Former Abilify Patients Discuss How the Anti-Depression Drug Caused Compulsive Gambling

Abilify Lawsuits Gambling Addiction

Over 70 former patients claim Abilify caused them to engage in problem gambling behavior.

Former Abilify users have filed hundreds of lawsuits against its prescription drug manufacturers, Bristol-Myers Squibb and Otsuka Pharmaceuticals, claiming the anti-psychotic drugs causes compulsive behavior. In some cases, some users of the drug claimed their usage led to problem gambling.

Abilify is a prescription drug that was used for years to treat people with bipolar disorder and depression. But those people believe the Food and Drug Administration was slow in warning users of potential side effects, like previously nonexistent compulsions.

FDA Warning Years Too Late for Many

Gary Wilson is a Minnesota-based attorney with Abilify lawsuit clients across the United States. Mr. Wilson noted that the European Union issued a warning in 2012, four years before the FDA chose to warn the American public.

Wilson said the FDA let down the American people, because it was too cautious in issuing its public warning. He said, “If it ruins your life. That’s a pretty bad side effect. That is the tragedy here. The American patients did not learn about the connection between gambling and compulsivity until almost four years after the European patients did.

One Woman’s Abilify Horror Story

Fox31 Problem Solvers recently talked to one anomymous Abilify patient who had a particularly dramatic horror stories. She began taking the drug for depression in 2008, but its use led to gambling addiction. The woman said she had lived in Las Vegas since 1999, but never had an impulse to gamble until she started taking the drug.

The woman told the Fox31 News crew that her gambling habit caused her to miss two flights, which cost her a well-paying job. She said, “I had to reschedule the first flight I missed and then I went back to the machine waiting for the second flight and I ended up missing that as well.

Lost over $1 Million via Compulsive Gambling

Over a 5-year period, the woman estimates that she lost between $1 million and $2 million gambling at Las Vegas casinos. Eventually, her addiction was so bad that she moved in with her parents. Her compulsive gambling continued and her parents asked her to move out.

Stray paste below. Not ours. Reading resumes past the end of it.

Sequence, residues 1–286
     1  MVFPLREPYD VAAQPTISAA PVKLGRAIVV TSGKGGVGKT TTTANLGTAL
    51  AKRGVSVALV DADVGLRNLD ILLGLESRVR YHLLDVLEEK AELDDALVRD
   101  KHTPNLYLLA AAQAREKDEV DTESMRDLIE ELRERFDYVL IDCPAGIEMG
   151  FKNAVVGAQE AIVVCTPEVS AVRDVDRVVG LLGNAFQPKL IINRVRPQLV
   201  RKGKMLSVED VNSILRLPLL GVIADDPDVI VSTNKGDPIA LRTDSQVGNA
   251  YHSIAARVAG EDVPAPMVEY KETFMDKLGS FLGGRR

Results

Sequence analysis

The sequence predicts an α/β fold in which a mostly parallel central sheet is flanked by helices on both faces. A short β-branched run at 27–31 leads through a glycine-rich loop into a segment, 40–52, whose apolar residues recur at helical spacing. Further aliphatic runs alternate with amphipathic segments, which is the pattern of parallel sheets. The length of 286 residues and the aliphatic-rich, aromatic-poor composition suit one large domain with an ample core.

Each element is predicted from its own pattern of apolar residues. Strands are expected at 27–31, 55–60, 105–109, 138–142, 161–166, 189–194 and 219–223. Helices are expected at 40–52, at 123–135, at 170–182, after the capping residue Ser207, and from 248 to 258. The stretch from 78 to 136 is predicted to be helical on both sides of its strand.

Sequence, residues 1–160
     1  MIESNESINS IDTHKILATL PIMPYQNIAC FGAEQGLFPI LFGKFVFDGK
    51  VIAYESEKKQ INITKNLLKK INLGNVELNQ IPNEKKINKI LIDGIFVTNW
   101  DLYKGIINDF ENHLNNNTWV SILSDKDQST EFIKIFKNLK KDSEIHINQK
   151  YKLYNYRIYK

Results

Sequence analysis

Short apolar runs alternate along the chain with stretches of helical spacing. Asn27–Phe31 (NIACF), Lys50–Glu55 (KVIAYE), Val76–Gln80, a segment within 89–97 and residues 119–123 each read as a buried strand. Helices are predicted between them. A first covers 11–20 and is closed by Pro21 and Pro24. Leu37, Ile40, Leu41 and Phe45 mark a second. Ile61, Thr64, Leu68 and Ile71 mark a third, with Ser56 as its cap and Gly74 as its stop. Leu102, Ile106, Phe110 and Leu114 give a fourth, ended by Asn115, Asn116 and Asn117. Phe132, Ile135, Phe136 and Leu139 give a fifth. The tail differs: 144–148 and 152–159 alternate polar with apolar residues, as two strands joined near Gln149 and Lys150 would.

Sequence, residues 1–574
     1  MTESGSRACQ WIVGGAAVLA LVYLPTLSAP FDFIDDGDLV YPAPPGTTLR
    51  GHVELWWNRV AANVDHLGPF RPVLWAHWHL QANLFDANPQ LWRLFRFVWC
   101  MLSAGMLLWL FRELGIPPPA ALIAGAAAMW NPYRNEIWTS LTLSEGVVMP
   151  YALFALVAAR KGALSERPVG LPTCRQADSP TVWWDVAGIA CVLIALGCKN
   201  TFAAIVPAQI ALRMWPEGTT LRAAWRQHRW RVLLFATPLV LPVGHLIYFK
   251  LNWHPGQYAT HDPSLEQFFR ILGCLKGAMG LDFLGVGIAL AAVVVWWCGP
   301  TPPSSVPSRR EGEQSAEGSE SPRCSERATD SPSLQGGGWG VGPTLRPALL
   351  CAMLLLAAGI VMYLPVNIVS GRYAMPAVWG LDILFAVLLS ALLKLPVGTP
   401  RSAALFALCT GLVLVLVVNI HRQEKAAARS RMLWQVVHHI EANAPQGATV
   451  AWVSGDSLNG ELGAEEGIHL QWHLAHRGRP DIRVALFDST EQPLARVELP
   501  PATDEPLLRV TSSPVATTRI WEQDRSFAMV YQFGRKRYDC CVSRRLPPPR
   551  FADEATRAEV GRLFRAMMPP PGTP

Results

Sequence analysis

Mike McDivitt’s Abilify Cases

Mike McDivitt, a Las Vegas area lawyer, is the woman’s attorney. He directly blames Abilify’s makers for the woman’s situation. He said of people who took Abilify, “Individuals have uncontrollable urges.

McDivitt represents over 200 former Abilify takers who are suing Bristol-Meyers Squibb and Otsuka Pharmaceuticals. He claims that the manufacturers knew the drug had issues, but declined to put warning labels on prescription bottles. McDivitt said, “If you don’t put a warning label, the doctors are more inclined to prescribe it.”

Dopamine Receptors in the Brain

According to the lawyer, Abilify works on dopamine receptors, which control the pleasure center of the brain. People who take the drug crave pleasure, so they become addiction to various pleasure-seeking activities, including shopping, overeating, hyper-sexuality, and gambling.

Gambling, Eating Disorder, and Prostitution

The woman interviewed by Fox31 said that Abilify led her into problem gambling, overeating, and hyper-sexuality. She said, “I gained about 70 pounds and then lost it subsequently after stopping Abilify. Something I’m ashamed of and embarrassed by.”

She said that she only got better in 2012, when she moved to Colorado. Her Colorado doctor refused to prescribe Abilify, and her symptoms stopped. Still, the anonymous former compulsive gambler said it wasn’t until 2016 that she put together the pieces of the puzzle and realized Abilify was to blame for her compulsions from 2008-2012.

That recognition came only after the FDA issued a warning to the general public. The FDA released a statement which gave a “warning that compulsive or uncontrollable urges to gamble, binge eat, shop, and have sex have been reported with the use of the antipsychotic drug aripiprazole (Abilify, Abilify Maintena, Aristada, and generics). These uncontrollable urges were reported to have stopped when the medicine was discontinued or the dose was reduced.”

About Cliff Spiller

Cliff Spiller has been an online writer for 14 years. He worked for Small World Marketing for a decade, where he covered topics like gaming, sports, movies, and how-to guides. Since 2014, he has blogged about US and international gambling news on,, and

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